In the vulnerability assessment, appropriate modeling of capacity and demand plays a vital role. A conventional approach to assess vulnerability subjected to hurricane hazards is based on a single parameter, e.g., the wave height. The main limitation of such univariate assessment is that the prediction of failure probability of infrastructure is highly dependent on the selected parameter. In consequence, the impact of model parameter variation on infrastructure performance has to be assessed by costly re-analysis of different sets of parameter combinations (Ghosh et al., 2013). To address such limitations, multivariate fragility analysis has been increasingly applied in hazard risk assessment. For instance, Jane et al. (2018) presented a fragility representation for shingle beaches based on multiple variables, including wave height, period, and water level. The dependence between geometric parameters was modeled by a Gaussian copula. By incorporating the inundation hazard assessment model, Vorogushyn et al. (2010) conducted a comprehensive flood hazard assessment to compute the probability of failure of dike breaches. Multiple intensity indicators were involved in their work, such as flow velocity, inundation depth, and inundation duration. Charvet et al. (2015) proposed the representation of multivariate fragility functions for the city of Kesennuma subjected to tsunami damage, by considering different tsunami intensity measures (e.g., the surveyed flow depth, simulated flow velocity, and the debris impact). Segura et al. (2020) presented a multivariate fragility assessment framework to generate seismic fragility surfaces of concrete gravity dams incorporating machine learning techniques.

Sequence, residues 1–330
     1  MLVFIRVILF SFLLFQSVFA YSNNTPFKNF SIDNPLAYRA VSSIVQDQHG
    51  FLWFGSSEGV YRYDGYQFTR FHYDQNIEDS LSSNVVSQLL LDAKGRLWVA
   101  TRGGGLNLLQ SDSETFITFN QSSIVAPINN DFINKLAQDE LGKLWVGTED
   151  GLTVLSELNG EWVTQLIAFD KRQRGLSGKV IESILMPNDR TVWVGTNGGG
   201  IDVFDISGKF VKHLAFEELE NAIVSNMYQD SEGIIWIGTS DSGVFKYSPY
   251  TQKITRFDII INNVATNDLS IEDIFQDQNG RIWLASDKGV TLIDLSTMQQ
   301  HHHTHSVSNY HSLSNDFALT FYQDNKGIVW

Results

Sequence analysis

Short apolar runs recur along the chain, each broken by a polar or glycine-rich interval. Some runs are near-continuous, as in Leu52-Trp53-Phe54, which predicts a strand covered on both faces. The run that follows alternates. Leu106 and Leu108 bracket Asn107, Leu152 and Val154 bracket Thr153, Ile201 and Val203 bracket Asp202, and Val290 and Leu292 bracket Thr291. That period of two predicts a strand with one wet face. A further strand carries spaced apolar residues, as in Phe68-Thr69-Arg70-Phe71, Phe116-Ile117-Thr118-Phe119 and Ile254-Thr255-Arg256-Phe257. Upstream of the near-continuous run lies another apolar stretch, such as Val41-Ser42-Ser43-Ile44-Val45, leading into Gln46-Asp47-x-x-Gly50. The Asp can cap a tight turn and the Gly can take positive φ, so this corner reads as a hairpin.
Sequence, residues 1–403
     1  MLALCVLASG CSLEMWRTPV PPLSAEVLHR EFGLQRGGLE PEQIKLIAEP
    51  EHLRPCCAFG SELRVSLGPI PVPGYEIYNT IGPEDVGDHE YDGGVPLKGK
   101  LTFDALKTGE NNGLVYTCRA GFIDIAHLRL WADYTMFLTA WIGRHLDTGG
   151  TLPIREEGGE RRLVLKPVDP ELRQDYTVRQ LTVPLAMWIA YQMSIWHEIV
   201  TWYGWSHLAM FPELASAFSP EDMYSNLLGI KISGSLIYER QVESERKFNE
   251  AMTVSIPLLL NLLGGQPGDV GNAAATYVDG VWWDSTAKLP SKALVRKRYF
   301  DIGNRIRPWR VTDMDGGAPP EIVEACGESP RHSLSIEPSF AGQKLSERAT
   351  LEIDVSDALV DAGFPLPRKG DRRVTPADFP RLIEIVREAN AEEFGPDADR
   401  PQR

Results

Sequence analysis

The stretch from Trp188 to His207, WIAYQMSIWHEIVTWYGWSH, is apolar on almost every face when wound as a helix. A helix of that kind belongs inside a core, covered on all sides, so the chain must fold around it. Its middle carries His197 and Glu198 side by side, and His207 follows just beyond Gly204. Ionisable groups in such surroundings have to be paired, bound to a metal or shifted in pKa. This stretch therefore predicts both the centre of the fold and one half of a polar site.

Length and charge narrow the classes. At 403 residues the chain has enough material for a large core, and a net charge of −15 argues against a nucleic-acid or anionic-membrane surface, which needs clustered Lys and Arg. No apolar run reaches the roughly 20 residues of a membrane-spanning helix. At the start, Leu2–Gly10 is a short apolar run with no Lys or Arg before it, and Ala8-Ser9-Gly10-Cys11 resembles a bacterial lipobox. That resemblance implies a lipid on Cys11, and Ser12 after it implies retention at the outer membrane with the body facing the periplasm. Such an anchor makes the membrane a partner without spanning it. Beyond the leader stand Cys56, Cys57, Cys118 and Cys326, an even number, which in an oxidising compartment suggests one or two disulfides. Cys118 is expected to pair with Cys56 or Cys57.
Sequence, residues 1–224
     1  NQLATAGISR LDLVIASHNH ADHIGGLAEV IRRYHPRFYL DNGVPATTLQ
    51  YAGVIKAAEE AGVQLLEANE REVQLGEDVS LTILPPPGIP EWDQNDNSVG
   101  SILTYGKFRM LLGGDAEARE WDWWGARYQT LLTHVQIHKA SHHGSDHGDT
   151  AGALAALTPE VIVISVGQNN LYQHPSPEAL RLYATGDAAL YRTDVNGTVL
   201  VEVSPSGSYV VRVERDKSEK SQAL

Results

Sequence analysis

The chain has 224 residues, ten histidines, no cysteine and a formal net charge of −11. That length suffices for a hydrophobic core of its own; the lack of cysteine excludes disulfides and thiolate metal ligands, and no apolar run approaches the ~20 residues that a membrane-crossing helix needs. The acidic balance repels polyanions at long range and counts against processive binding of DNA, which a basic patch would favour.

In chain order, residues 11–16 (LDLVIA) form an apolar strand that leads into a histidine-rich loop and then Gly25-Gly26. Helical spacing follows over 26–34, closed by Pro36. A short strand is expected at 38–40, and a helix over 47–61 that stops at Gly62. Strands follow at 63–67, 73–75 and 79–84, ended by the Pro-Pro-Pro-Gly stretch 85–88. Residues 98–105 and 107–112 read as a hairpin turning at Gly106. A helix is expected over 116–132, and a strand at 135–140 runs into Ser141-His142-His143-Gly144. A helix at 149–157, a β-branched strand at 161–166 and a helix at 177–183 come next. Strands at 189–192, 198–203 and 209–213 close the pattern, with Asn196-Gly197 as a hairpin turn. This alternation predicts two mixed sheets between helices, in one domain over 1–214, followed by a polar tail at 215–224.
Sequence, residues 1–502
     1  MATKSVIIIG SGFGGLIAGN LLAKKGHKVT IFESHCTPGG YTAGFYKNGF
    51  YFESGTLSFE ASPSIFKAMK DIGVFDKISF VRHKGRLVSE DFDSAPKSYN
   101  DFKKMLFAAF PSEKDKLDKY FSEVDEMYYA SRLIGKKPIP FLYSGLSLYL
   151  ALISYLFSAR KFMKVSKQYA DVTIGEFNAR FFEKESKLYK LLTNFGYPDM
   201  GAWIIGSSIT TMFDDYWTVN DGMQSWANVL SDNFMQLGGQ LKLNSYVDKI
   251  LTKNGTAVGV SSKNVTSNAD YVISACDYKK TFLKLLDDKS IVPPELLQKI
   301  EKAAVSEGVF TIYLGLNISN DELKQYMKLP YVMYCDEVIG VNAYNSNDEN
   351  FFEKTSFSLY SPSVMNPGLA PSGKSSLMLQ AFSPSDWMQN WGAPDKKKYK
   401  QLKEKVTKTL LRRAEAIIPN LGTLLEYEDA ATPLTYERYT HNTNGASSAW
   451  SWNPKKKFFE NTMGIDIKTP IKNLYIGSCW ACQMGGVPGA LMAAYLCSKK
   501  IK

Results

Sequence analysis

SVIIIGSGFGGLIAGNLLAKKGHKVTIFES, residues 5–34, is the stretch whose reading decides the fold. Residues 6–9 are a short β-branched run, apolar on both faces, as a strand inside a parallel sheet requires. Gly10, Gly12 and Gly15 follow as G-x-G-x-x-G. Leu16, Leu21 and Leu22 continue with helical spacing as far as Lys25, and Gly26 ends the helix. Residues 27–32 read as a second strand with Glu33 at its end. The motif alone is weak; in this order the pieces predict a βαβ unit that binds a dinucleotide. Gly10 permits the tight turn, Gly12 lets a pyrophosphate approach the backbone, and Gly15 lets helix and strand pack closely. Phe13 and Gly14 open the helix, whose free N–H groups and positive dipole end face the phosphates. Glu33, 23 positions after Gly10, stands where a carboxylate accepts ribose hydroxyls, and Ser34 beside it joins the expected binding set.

For the multivariate analysis under extreme events, it is commonly necessary to evaluate the interaction of hydrodynamic variables, as the sea state condition primarily relies on these parameters simultaneously [DET NORSKE VERITAS (DNV), 2014]. For instance, during hurricanes, elevated sea level and extreme waves can be caused by atmospheric pressure change and extreme wind (Mousavi et al., 2011). Masina et al. (2015) demonstrated that there is a non-negligible positive correlation among variables such as significant wave height and peak water level under storm events. Chebana and Ouarda (2011) showed that the univariate variables cannot provide a comprehensive representation of the multivariate nature of hydrological events. Moreover, due to the interaction between parameters, the compounding impact of non-severe environmental activities may result in significant consequences. For instance, Serafin et al. (2019) investigated the impact of multiple loads on along-river water levels and indicated that there was a portion of peak storm surge observed during low-wave events along the coastal river. In their study, a surrogate model was applied to simulate the joint relationship between river discharge and wave height based on hydraulic modeling. Hence, analyses based on exclusively univariate distributions may mis-specify the coastal conditions, thus resulting in inaccurate estimation of the associated damages or consequences, e.g., Corbella and Stretch (2012). Therefore, the joint impact of storm variables should be accounted for the vulnerability assessment and risk management of coastal infrastructure.